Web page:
Also known as the “Success Stone”. Citrine encourages a bright outlook and promotes happiness. It attracts wealth and joy. It can help stabilize emotions and soothe family problems. Citrine is also good for improving stress-related digestive problems.
Clear Quartz

clearquartz
Quartz is an excellent general physical system fortifier and protector. It increases mental clarity. Hold a clear crystal at your solar plexus and breath evenly for several minutes to calm your emotions, to relax the body, to clear the mind, and to refresh your energy. Stare into the crystal to clear writer’s block and to increase creativity.
Fluorite

fluorite
Fluorite is a stone to unblock stuck energies. For digestive systems problems use the yellow/green color combination. For pains in the skeletal and muscular system, use the blue/white color combination. For head area complaints, use the purple/clear combination. For asthma, wear the green colored Fluorite. To help congested mental thoughts, use a purple cluster in your work area, or position a cluster at your crown chakra while sleeping.
Garnet

garnet
Garnet is an energy revitalizer. Excellent for strengthening the base chakra. It promotes sexual energy (for your self and partner). It helps increase circulation to the legs and pelvic area. It reduces menstrual pain when held or taped over the ovaries and uterus. Garnet can increase sexual stimulation and fertility, too.

Hematite

hematite
Dubbed, “The Anti-Stress Stone”. Hematite reflects back negative energies to the sender (so you don’t end up taking them on yourself). Hematite dissolves the issues when one meets with confrontation. Tape a small piece over the leg and back areas to reduce pain and to increase electromagnetic circulation. Hematite helps balance the meridians.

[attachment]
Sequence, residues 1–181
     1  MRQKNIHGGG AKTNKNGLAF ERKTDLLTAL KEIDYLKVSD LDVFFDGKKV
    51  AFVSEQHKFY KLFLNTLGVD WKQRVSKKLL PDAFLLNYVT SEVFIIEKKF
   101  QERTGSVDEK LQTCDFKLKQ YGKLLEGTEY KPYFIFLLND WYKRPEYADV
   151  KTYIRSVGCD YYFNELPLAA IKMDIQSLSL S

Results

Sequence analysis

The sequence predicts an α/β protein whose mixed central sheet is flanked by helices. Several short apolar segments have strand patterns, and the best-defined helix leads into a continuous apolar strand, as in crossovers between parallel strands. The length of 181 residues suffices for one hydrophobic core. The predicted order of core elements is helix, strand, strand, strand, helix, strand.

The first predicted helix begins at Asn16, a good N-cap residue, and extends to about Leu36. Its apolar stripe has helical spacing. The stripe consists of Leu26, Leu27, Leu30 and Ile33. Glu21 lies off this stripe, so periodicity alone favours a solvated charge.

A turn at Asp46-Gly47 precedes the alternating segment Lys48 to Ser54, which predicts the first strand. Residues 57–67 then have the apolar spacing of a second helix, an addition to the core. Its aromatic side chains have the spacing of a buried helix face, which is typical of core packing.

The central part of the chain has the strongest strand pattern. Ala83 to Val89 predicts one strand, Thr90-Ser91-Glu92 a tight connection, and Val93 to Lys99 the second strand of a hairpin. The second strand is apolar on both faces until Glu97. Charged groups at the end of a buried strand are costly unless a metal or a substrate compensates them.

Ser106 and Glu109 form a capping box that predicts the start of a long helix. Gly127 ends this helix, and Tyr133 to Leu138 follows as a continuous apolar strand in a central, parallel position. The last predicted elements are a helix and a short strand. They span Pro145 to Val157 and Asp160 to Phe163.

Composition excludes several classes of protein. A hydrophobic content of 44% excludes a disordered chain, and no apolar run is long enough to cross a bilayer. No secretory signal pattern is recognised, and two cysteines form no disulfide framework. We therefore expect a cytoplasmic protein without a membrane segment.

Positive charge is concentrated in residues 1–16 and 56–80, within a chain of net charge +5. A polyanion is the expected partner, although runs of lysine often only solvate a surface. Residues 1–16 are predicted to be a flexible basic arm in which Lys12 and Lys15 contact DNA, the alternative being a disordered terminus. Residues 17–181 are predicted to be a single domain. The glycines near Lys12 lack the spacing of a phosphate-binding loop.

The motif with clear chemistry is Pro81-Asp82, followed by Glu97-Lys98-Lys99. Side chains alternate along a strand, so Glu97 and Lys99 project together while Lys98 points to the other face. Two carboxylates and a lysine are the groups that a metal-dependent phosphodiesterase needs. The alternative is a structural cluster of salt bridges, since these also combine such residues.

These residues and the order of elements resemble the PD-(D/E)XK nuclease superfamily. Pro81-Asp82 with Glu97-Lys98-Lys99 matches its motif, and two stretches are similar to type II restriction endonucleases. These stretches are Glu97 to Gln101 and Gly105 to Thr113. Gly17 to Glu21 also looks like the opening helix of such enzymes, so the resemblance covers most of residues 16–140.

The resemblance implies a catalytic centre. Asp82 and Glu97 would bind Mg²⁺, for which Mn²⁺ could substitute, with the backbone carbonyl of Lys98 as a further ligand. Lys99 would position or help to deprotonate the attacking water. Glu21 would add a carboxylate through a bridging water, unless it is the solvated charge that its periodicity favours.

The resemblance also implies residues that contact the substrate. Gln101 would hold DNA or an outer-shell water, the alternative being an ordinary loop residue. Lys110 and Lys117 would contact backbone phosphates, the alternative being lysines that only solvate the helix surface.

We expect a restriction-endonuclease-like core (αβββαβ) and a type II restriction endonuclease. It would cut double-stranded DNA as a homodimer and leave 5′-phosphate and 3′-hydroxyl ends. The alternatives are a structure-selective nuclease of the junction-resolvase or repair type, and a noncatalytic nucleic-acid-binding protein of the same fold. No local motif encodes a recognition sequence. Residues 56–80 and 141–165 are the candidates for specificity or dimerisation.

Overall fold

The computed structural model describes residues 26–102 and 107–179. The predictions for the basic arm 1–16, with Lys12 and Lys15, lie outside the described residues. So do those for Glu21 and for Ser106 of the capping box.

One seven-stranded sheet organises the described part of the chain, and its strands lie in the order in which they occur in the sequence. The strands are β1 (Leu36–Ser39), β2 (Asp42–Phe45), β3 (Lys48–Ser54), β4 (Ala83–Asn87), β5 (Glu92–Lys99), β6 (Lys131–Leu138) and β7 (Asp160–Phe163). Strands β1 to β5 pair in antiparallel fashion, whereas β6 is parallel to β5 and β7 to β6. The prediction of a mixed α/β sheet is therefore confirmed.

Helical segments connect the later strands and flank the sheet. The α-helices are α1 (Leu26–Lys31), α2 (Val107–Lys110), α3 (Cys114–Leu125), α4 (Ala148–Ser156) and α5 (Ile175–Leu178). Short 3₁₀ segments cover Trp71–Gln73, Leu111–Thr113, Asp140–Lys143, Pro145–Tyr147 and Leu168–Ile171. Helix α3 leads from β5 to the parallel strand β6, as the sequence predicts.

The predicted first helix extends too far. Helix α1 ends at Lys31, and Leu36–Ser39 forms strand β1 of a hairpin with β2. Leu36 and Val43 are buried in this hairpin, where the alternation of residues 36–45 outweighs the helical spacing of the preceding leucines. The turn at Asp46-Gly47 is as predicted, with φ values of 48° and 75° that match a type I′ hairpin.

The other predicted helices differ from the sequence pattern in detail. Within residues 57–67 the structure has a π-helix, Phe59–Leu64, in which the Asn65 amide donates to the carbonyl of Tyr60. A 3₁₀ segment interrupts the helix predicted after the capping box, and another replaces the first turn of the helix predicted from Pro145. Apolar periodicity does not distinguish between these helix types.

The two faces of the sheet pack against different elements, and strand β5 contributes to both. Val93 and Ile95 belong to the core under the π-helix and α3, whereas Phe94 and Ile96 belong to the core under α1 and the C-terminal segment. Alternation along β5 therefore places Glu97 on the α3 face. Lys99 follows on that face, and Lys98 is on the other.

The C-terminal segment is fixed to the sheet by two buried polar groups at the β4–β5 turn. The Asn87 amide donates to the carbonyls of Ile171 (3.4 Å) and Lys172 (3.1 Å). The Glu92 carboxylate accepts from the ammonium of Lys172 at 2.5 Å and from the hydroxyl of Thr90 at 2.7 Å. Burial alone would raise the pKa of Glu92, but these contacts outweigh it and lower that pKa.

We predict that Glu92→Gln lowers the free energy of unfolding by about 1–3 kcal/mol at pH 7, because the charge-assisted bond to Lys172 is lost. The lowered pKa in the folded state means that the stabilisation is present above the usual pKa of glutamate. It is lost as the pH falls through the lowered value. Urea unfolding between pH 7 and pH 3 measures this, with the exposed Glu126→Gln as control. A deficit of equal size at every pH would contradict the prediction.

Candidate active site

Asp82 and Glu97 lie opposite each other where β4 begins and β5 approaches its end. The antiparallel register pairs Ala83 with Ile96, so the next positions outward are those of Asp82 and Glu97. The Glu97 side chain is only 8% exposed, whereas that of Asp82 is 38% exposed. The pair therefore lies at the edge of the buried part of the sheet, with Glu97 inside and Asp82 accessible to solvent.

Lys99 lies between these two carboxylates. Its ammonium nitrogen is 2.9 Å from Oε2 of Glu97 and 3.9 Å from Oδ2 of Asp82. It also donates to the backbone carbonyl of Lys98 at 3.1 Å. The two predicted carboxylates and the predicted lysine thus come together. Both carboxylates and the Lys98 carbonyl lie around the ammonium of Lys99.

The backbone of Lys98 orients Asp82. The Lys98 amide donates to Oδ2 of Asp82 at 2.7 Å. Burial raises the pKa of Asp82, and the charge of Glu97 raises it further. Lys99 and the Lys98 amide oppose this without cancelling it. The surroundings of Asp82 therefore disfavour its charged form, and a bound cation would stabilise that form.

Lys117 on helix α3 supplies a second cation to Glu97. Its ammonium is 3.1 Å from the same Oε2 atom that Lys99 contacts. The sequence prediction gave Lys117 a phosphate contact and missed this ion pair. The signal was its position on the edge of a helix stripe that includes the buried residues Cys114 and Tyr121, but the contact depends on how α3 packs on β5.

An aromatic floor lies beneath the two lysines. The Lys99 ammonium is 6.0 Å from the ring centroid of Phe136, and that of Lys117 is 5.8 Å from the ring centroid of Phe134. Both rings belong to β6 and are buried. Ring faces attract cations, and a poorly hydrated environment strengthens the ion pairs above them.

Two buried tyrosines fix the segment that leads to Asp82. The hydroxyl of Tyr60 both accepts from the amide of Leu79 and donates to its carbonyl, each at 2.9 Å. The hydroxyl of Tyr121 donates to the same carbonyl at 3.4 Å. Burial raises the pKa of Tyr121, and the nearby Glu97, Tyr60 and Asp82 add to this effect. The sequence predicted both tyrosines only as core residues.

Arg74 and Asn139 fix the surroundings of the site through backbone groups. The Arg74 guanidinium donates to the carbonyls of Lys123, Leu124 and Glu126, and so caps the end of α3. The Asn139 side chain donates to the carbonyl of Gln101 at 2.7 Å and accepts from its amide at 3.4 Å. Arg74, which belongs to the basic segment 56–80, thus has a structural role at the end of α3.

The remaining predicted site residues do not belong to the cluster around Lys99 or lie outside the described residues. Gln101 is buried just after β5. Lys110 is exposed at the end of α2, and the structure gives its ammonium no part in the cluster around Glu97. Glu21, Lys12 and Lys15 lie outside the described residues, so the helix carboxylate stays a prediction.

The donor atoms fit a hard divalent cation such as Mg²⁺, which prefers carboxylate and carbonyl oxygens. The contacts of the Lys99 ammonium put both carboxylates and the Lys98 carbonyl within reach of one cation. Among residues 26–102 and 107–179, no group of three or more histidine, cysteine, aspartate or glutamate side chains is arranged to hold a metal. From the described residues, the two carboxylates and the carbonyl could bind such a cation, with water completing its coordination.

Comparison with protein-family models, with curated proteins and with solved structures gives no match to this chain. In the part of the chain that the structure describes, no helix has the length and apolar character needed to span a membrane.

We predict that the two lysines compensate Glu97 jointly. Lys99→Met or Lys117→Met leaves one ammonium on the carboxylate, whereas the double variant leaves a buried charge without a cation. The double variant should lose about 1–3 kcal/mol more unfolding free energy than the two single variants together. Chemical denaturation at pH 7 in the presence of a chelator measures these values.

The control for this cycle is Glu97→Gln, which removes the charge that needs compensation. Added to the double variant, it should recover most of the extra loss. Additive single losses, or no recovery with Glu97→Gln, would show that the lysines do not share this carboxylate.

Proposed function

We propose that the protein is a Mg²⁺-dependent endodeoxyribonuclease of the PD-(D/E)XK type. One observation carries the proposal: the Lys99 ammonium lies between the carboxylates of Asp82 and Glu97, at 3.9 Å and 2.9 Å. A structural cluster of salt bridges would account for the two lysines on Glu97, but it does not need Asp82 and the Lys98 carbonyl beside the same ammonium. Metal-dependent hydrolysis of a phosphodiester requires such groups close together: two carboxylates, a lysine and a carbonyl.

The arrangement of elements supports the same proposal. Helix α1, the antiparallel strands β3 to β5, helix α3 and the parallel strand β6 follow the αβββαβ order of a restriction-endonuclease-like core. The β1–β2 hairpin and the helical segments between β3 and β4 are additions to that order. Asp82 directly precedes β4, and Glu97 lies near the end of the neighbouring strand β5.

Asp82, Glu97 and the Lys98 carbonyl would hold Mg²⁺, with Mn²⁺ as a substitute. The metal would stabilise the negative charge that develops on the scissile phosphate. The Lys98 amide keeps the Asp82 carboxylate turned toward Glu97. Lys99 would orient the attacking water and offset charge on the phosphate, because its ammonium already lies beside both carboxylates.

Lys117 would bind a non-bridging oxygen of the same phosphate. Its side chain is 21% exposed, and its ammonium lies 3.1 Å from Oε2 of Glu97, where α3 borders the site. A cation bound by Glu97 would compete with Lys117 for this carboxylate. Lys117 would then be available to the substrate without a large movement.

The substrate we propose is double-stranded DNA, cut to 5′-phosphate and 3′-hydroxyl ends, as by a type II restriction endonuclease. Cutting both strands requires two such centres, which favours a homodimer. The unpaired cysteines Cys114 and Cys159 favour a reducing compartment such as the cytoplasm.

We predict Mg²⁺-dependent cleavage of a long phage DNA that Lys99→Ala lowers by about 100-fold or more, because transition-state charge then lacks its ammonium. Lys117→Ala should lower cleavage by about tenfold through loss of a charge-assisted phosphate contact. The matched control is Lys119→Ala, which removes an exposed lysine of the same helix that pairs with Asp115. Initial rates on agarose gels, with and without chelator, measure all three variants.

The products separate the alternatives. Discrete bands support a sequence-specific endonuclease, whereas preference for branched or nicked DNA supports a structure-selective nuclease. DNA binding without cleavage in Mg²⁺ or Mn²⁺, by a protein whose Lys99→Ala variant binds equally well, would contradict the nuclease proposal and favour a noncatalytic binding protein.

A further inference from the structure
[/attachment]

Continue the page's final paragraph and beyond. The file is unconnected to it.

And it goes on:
Malachite

malachite2
Malachite is excellent for Type A personalities and for those prone to heart disease and stresses to internal organs. It helps to detoxify the liver and to increase blood circulation. Malachite is excellent for breaking up old energy patterns. Use it with Rose Quartz to soften the effects of a broken heart! Due to the possibly toxic copper content of this stone, keep Malachite away from pets and children, and do not wear it against the skin for long periods of time. This stone is for external use only.
Rose Quartz

rosequartz
“The Love Stone” – Rose Quartz is very protective and soothing for many issues. Place a large chunk of the stone at your Heart Center for 15 minutes to relax after a stressful day. Rose Quartz helps to unblock anxiety and to promote healing of private emotional issues. It allows one to become more receptive and open to challenges.
Smokey Quartz

Smoky_quartz_01
Smokey Quartz is an excellent stabilizer for mood swings. It helps ground feelings of depression, and both absorbs and transmutes negativity. This stone is best worn at the solar plexus, the seat of the emotions. Smokey Quartz is excellent for PMS and cranky persons; and good for persons imbalanced due to extreme stress and burn-out. It provides a protective field for recovery.
Turquoise

turquoise2